Seasonally adjusted jobless claims continue to hover right around 1 million as forecasts were predicting. This week’s reading of 1.006 million was down 98K from 1.104 million last week and remains around some of the lowest levels of the pandemic. But as we have frequently mentioned, that is still very elevated relative to the rest of history.

On a non-seasonally adjusted basis, claims have likewise continued to fall as is the seasonal norm for this time of year. NSA jobless claims came in at a pandemic low of 821.59K this week, down from 889.55K last week.  Again, although NSA claims have been lower, there are seasonal headwinds. Headed into the fall, claims tend to experience a seasonal bottom by mid-September, so NSA claims could begin to tick higher in the coming weeks.

As for seasonally adjusted continuing claims, there was also a small improvement falling from 14.76 million to 14.54 million.  That is a fourth consecutive week in which continuing claims have declined.

Factoring in Pandemic Unemployment Assistance (PUA), total NSA claims actually rose.  Initial PUA claims rose from 0.53 million to 0.61 million for the second straight weekly increase. As for continuing claims (non-seasonally adjusted and lagged an additional week), total claims continued to fall in the first week of August reaching 25.2 million.  That’s around the same levels as late April, but unlike back then, a much larger share of those claims are comprised of PUA claims.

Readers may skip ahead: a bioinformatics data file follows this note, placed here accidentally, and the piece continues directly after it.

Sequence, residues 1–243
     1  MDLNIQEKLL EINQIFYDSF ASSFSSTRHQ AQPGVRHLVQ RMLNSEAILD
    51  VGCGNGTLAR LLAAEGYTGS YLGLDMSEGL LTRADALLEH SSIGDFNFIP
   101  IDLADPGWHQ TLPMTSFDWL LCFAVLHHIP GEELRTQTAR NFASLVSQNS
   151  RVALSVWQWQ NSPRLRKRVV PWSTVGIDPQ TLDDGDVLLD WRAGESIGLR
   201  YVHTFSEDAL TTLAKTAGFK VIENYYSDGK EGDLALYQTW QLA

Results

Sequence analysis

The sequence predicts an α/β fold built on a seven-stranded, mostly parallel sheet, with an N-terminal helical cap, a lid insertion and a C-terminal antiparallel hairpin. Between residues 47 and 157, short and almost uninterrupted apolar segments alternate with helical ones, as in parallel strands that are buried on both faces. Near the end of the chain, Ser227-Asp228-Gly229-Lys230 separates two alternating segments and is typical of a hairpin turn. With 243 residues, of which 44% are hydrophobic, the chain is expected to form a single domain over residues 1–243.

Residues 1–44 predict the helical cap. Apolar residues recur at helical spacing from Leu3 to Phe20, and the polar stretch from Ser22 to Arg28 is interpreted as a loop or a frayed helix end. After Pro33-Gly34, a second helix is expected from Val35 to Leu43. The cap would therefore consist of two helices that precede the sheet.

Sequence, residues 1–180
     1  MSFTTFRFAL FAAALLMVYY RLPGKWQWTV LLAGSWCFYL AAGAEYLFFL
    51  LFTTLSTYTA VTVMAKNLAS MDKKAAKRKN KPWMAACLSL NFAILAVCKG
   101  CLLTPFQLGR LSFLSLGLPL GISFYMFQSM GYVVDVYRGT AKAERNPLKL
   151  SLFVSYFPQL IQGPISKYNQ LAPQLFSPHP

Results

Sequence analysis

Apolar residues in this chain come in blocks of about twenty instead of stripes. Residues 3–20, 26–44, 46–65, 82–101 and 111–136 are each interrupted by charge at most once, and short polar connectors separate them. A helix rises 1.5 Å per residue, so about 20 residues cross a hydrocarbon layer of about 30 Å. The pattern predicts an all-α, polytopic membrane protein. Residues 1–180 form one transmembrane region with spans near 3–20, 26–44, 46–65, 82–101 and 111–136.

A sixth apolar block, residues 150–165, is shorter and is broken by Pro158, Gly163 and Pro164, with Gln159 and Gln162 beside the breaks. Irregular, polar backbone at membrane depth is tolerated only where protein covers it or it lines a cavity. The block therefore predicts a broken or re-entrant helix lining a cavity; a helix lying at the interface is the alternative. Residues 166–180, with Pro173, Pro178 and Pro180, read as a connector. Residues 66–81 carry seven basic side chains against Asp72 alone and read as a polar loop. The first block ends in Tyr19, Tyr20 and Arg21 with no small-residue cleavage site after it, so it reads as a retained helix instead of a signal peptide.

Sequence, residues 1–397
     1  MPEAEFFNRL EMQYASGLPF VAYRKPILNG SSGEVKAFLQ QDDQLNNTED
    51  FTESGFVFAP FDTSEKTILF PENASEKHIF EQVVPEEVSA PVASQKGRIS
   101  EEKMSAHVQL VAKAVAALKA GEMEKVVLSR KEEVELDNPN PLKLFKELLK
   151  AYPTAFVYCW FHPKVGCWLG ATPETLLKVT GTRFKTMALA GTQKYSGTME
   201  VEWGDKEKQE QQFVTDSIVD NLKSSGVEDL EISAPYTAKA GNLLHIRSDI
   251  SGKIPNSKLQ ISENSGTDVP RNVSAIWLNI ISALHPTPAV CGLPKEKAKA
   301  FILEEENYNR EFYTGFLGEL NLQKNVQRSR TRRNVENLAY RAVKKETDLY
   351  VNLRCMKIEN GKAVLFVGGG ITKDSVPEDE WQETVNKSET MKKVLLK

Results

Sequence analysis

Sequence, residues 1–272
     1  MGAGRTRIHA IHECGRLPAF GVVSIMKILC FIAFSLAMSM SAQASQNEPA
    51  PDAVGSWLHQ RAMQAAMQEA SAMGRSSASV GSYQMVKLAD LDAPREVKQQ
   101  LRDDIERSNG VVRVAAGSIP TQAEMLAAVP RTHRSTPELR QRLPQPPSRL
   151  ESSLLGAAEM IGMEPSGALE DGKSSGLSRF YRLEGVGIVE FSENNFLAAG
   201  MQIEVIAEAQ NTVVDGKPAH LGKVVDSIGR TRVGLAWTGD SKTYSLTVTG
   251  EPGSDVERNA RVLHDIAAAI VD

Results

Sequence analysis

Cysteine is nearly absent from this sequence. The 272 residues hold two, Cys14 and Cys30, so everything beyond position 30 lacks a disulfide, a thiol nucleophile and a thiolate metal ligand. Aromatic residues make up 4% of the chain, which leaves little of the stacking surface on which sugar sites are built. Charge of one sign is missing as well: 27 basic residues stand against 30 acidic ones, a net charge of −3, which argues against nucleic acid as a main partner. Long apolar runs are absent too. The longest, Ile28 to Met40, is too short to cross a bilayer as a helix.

Finally, in the table below we show a breakdown of initial and continuing claims (both NSA) by state.  As depicted, California, Illinois, Iowa, Kansas, and Montana all saw the largest percentage increases in initial claims this week, but not all of those are that elevated relative to where they have been in recent months.  Kansas and  Alaska are reporting claims that are the least improved from their pandemic peak.  Additionally, the bulk of states have reported an improvement this week.  Of the 53 states and territories, 41 reported lower claims this week. While not quite as strong, the same can be said for continuing claims. 39 states reported a decline in continuing claims while 14 reported an increase.  Based on continuing claims, California, DC, Hawaii, Nevada, and  New York currently have the highest unemployment rates each in the teens (continuing claims as a percent of the state’s labor force). Click here to view Bespoke’s premium membership options for our best research available.

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